Perhaps it's time to change the "business equations" of safety levels - but I think that would be sooo costly as to prevent future development of any aircraft.

The main point is that we all want to make money as easily as possible, with the most risk permitted. We all accept inflated amounts of money to take part in those risk mitigations too.

We don't accept a high level of risk in anything we do - because we partake in daily risk assessment and mitigation.

Sometimes, someone gets something wrong - but not often. Often, it has been found, the person who 'does it wrong' is not aware of what has happened or why it happened until years after it happened.

Aviation, like medicine, is not a science. It is a "best guess" with some maths thrown in as a check.

We must learn from it - and then move on. As we always do.

We are all as good as the last accident/incident proved.

My respects to those that died, and to their families.

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Old 12th Apr 2009, 00:32   #10 (permalink)
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I take your point SASless.
All these "one in a billion" statements are dervived mathmatically though.
Two things spring to mind, bigger and heavier.
Aviation parts, and particularly helicopter components, are built as light and as weak as possible.
Thats probably the reason Sikorsky used titanium studs, lighter than steel.
Build in more overload, more safety features, larger saftey margin.

I re read your first post about the death toll, 33 in two weeks, id imagine the oil companies (who pretty much drove up the aviation standards single handedly) will have quite a bit to say on this matter and things may change from their side rather than the regulators.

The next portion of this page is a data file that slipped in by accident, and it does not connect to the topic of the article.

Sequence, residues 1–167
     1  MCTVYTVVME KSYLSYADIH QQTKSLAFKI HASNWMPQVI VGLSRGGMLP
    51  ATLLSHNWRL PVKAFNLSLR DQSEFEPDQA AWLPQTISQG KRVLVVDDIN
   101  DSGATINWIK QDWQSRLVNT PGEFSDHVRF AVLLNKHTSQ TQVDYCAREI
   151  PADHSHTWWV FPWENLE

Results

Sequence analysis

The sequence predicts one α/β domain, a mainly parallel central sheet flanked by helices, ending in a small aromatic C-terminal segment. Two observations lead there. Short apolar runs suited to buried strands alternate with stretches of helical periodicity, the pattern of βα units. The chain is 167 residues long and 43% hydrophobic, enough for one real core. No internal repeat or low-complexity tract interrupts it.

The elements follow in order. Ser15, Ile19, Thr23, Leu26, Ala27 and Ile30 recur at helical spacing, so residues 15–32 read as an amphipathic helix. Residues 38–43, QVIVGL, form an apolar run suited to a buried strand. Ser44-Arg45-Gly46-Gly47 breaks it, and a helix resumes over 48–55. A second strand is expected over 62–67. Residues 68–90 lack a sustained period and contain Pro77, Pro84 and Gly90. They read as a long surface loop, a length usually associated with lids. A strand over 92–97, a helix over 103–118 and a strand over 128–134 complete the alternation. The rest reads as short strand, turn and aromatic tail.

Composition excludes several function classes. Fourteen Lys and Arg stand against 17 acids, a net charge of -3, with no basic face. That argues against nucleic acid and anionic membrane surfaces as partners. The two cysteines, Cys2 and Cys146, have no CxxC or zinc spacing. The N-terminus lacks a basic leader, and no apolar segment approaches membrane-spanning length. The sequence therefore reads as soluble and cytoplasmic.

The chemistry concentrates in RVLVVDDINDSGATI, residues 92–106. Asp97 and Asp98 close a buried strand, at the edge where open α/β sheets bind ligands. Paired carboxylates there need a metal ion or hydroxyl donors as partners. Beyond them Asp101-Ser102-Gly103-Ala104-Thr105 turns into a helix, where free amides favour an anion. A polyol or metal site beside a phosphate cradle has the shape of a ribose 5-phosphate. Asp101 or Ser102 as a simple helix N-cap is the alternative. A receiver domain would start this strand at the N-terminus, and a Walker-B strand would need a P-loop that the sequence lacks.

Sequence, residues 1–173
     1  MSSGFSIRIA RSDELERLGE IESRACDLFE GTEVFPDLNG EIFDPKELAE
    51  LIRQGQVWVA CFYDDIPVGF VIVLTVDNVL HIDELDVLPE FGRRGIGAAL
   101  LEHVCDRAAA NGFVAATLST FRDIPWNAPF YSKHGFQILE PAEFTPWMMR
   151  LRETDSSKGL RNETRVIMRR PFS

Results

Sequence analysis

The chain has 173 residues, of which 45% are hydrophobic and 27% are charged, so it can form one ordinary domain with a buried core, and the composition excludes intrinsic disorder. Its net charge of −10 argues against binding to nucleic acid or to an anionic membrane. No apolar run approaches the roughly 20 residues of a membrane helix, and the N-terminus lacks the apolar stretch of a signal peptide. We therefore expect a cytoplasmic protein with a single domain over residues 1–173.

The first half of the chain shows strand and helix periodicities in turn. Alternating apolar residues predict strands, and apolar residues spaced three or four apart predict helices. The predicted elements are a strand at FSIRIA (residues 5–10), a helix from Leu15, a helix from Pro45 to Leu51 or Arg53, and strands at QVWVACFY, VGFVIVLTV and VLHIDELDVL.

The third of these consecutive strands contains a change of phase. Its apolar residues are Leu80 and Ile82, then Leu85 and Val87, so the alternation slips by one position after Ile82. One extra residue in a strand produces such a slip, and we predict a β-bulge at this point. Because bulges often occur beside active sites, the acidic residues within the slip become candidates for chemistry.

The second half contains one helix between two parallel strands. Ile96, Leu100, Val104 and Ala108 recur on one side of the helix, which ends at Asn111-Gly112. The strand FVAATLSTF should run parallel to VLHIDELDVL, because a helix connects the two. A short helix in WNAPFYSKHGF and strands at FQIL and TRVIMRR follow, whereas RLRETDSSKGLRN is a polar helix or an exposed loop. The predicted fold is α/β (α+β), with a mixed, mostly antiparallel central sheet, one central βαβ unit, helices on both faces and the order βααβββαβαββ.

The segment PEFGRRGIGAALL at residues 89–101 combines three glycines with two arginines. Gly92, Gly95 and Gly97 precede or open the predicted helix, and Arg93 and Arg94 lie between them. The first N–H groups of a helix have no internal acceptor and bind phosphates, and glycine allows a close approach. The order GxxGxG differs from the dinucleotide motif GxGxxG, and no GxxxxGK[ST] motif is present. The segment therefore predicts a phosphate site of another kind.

It will be interesting to see how this might affect the EC175s production testing.
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Old 12th Apr 2009, 00:53   #11 (permalink)
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Step One:

Put chip burning chip detectors to adequately monitor the gearbox and link it to pilot caution warning system. You do not need a $500K HUMS to do this. Let the crew either command a burn (Bell 222 technology from the 70's) or automate it with a CAS message alerting the crew. Multiple successful burns should be indication of bad things and prompt immediate crew actions. Unsuccessful burns should have the same result.

Step Two:

Implement step one as part of the regs (i.e. do step 1)

From the L2 design chips may have been accumulating on a HUMS read mag plug (not annunciated) which if annunciated could have given this crew actionable information.

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Old 12th Apr 2009, 01:34   #12 (permalink)
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Your post assumes the defective item is making metal.. It is possible, and reasonable that a crack in a gear will make an alteration to vibration signals, before it makes significant amounts of metal.. Thus $ 1/2 million HUMS systems.

Your dismissal of the system is in itself symptomatic of the kind of attitudes that prevent system improvement. If half a million bucks worth of HUMS isn't quite good enough, then why not spend another 1/4 of a mil making it better?? At least then when we start making the oily bits out of non-magnetic materials, we will have system maturity on the fault detection.

I'm not Rubbishing your statement, just highlighting limitations. I guess though, nothing that involves a human interpretation or judgement will ever be fool proof.

PS to whoever mentioned "spacecraft made of parts supplied by the lowest bidder"

One rather well known American manufacturer openly tells its supplier base that it will be insisting on a 2% year on year price reduction for the next 5 years.. How do you think that is going to be achieved?? A bit of lean manufacturing? Six sigma? Improved investment in new technologies? That must be it.. For sure.. Phew! No need to worry!
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Old 12th Apr 2009, 02:39   #13 (permalink)
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I am making no assumptions. I am very knowlegdable in HUMS and I am not dismissing it as not beneficial, as history has shown it is one piece of the safety puzzle. It is an extremely useful tool, and if it is the primary tool for chip detection it is critical.